In essence it is your faith that brings the alcoholic to Christ, not selfishness and leaving them and getting a divorce. We have written so much free information on the ministry website to help you take care of you, which in turn will help the alcoholic. Don't let alcoholism steal another minute of your day. Become informed about how to detach and heal.

In some very rare instances the alcoholic does not do anything to merit detachment, such as what you are saying about intimacy. If your alcoholic husband is not sloppy drunk then there is no problem. I believe it would become more of a problem if you were to deny him sex with you on the grounds that he has been drinking when clearly he is not doing anything offensive towards you in the bedroom. Do you see what I am saying here? Sometimes you just need to use a little discernment in sensitive areas.

Your particular situation is different than most women. A lot of times the alcoholic is so sloppy drunk he can't actually have sex, or they are so drunk they are selfish, smelly, rude, etc, during intimacy. Every ones situation is a little bit different. And because we cannot write out each and every situation you will have to be discerning in certain areas to meet your circumstances.

It may seem like an oxymoron to make the boundary to not go out with the alcoholic after a few drinks but then become sexually intimate with them later. But the difference here is simply that sex is a human need, going out to a restaurant for dinner is not. A big aspect of marriage, and I believe our responsibility as husbands and wives, is to fulfill our spouses needs the best we can, in all areas. If fulfilling our spouses sexual needs were not a big deal, I don't think that scripture would have bothered to mention it. But it is mentioned and so I take it to mean it is a big deal!

The wife hath not power of her own body, but the husband: and likewise also the husband hath not power of his own body, but the wife. Defraud ye not one the other, except it be with consent for a time, that ye may give yourselves to fasting and prayer; and come together again, that Satan tempt you not for your incontinency. 1 Corinthians 7:5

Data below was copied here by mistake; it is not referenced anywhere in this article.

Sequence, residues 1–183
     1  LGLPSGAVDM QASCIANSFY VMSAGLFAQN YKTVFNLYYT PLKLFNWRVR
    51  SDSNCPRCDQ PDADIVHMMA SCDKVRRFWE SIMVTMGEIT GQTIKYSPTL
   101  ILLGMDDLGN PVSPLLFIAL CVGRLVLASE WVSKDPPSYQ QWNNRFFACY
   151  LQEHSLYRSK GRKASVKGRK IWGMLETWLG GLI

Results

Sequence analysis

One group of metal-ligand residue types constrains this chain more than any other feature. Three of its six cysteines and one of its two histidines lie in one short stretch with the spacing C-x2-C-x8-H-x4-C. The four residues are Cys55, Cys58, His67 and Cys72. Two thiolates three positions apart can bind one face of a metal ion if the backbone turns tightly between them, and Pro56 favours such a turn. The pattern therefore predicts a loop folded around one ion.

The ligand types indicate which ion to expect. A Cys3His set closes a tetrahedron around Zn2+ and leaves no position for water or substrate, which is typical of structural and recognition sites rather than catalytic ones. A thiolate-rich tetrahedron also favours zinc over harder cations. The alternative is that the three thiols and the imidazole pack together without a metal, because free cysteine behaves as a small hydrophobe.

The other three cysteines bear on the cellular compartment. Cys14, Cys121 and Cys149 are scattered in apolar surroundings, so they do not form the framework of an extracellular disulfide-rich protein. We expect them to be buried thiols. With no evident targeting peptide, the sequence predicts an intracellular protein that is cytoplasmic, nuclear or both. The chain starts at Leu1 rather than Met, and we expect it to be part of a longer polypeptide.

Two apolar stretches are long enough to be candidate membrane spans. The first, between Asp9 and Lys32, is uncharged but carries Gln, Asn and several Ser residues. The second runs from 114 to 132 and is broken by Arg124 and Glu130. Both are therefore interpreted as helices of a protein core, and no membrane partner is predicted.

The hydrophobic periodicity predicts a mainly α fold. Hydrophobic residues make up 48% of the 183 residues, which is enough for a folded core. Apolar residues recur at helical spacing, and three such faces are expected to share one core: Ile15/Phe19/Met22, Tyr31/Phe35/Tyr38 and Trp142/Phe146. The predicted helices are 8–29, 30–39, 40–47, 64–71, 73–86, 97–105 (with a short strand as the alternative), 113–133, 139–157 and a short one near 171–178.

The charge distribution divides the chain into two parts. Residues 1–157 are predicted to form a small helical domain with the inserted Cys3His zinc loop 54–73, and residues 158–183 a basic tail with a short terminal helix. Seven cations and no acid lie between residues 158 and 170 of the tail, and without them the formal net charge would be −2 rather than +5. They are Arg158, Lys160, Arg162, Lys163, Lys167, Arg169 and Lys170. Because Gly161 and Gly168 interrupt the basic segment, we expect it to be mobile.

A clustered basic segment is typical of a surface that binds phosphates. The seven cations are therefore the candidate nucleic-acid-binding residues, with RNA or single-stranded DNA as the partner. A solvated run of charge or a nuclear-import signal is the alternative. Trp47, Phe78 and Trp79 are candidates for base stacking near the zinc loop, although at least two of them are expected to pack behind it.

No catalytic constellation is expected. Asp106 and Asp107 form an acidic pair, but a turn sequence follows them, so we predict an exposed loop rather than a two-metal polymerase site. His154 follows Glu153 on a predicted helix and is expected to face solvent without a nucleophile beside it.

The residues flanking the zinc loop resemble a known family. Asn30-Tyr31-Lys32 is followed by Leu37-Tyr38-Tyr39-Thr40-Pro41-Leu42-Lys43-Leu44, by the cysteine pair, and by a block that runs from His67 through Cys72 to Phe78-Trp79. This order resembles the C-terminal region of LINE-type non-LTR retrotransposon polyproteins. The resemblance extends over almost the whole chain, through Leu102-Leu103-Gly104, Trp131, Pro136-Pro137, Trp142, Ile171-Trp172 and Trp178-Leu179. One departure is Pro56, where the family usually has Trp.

Now, on the other hand, if he stays out late at night and you don't know where he has been, or if he were sloppy and disgusting in the bedroom, then yes, you would need to figure out something else here. Understand that detachment is because YOU are offended by something the alcoholic is doing or how they are behaving. And because it would be nonsensical to try and demand or control something from the alcoholic, instead you would make personal boundaries for yourself.

For an example, if your husband were sloppy, smelly, dirty and then wanting to have sex with you, you might want to tell him that you want to make love to him but not when he is drinking. So that would be your personal boundary. "Don't have sex with husband after he has been drinking." This way you are not telling the alcoholic what he can do but rather protecting your emotional well being and possibly physical health. You're not saying you won't EVER have sex with him either, but only when he drinks. So this would not be denying him anything -- he can choose to not drink.

Another example would be if your alcoholic husband has been unfaithful and often stays out late at night. You certainly do not have to have sex with him and subject yourself to a disease or worse HIV or AIDS. Circumstances are different for every individual and so it is up to your discretion what personal boundaries you may have to put in place for yourself.

I hope this helps you to understand more about detachment and setting boundaries for yourself. The bottom line here is take care of YOU by detaching when you know you need to detach and setting boundaries to protect your personal well being and health. And doing this will indirectly help the alcoholic as well.

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Copyright by Angie Lewis.
All rights reserved. Used by permission.
Angie is a noted author of

How Do I Detach From an Alcoholic Spouse?